Lack of traffic on Canal Rd. a plus for road crews
Not that anybody in Orange Beach (or the world) sees the quarantine as a blessing, but the coronavirus has made work easier and more safe for road crews working on the five year project that will result in the five-laning of Canal Road when complete.
“The nice thing even though it’s difficult for businesses and for our community its excellent for the roadwork. They’ve made some good headway and to get the milling done before the summer without the traffic has been an advantage for the project,” said O.B. Community Development Director Kit Alexander.
The milling work is mostly complete on the north side of the road from near Alabama 161 to William Silvers Parkway. The timetable for completion is still intact. The Alabama Department of Transportation has said the completion date for the project is December of 2020. Crews are now working to mill the pavement on the south side of the road from west to east to get the required width for five full lanes.
During the council’s dual regular and work session on April 21, Councilman Jeff Silvers said with much of the milling complete he’s been fielding questions about how long the road will remain unpaved.
“People are asking how long they are going to have to drive through the rumbled grooves and stuff like that,” Silvers said.
Alexander said it could be quite some time before the paving begins on any of the new road. “They’ve still got a little bit of milling to do and then they will start working this week on the south side of the road before they do the final paving,” Alexander said. “They’ll pave the whole road once it’s completed.”
Temporary striping is on the milled part of the roadway and includes other improvements that have been missing in past projects.
“We’ve had problems previously with the temporary striping not being reflective,” Alexander said. “In rain and during dark hours it’s been hard to see the lane demarcations so they are putting in those reflective pavement markets in at the request of the city. I can also say they volunteered to provide those in response to complaints from the city. It’ll be better than past state projects where we’ve had that difficulty.”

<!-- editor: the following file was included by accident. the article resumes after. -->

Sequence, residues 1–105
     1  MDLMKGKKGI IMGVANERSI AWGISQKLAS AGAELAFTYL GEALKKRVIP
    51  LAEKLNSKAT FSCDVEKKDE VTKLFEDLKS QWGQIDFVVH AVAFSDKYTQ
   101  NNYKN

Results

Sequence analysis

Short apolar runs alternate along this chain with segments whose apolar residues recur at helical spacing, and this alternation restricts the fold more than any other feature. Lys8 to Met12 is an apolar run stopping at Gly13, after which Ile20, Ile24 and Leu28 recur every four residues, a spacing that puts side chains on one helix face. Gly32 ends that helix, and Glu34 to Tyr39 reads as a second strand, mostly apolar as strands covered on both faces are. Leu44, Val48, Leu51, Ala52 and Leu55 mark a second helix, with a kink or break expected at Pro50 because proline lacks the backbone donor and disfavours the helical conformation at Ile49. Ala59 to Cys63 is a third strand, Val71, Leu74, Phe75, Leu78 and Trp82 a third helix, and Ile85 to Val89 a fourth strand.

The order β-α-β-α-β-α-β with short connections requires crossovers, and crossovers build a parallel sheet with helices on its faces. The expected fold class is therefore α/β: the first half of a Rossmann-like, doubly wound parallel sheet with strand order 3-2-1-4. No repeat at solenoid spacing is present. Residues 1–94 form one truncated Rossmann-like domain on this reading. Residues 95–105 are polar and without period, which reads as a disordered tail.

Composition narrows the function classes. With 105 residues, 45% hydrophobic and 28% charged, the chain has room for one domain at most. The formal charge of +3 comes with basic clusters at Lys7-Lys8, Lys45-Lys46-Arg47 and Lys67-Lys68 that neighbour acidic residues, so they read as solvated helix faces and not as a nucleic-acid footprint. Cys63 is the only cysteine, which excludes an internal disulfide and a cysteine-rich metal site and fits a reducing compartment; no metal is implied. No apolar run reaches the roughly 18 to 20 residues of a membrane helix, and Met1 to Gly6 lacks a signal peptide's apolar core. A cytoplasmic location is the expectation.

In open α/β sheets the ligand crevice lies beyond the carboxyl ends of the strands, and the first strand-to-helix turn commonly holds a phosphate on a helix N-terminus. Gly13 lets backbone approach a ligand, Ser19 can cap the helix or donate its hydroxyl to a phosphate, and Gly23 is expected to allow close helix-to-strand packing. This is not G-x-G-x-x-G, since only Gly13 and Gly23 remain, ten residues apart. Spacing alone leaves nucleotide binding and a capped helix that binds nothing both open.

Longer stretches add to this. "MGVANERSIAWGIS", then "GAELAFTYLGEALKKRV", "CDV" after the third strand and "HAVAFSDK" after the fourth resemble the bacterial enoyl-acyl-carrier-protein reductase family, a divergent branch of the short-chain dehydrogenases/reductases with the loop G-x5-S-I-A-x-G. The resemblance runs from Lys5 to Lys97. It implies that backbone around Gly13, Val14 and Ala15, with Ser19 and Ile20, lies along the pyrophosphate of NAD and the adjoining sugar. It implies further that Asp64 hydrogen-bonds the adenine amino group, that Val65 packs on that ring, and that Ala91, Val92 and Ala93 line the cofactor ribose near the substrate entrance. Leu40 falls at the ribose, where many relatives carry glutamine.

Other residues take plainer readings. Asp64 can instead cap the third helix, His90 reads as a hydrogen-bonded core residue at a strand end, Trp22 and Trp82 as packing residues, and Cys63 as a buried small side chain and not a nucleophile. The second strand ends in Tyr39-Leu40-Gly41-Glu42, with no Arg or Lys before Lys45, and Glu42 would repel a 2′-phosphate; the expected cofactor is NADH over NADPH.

The council met virtually for the second straight session and plans are to continue digital meetings as long as pandemic restrictions are in place. The meeting lasted less than 13 minutes.
During the regular session, the council:
• Awarded the bid for the Adult Fitness Center to Stuart Construction for about $2.9 million.
• Passed a resolution declaring a police vehicle light bar owned by the City of Orange Beach as surplus and unneeded and authorizing donating the bar to Elberta.
• Passed a resolution authorizing the execution of an agreement with Harbor Communications to installing fiber at the Sportsplex.
• Passed a resolution authorizing execution of a software service renewal agreement for art jury processing with Zapp Software.
• During the work session, the council discussed:
• Three resolutions for professional services agreement and a contract with Moffatt & Nichol to implement the Lower Perdido Bay/Perdido Pass Navigation Project Hydrological Modeling and Sediment Budget Study not to exceed $365,000. Moffatt & Nichol will also provide a Restoration Alternatives Analysis and Design of Lower Perdido Bay/Perdido Pass for $413,822.
• Setting two public hearings, one for a 14-lot subdivision Robinson Grove on Terry Cove east of Walker Key and six four-bedroom homes in Cypress Village Courtyard. Both were rescheduled for May 5 pending status of pandemic restrictions.
• Heard a first reading on a new a parking deck east of Turquoise Place to take overflow parking. Cars now must park across the street and drivers have to brave crossing five-lane Perdido Beach Boulevard to reach the condo towers. The applicants want an extension of the planned unit development through Sept. 30, 2021. That public hearing is also tentatively scheduled for May 5 but will be subject to be delayed again if pandemic restrictions are still in place.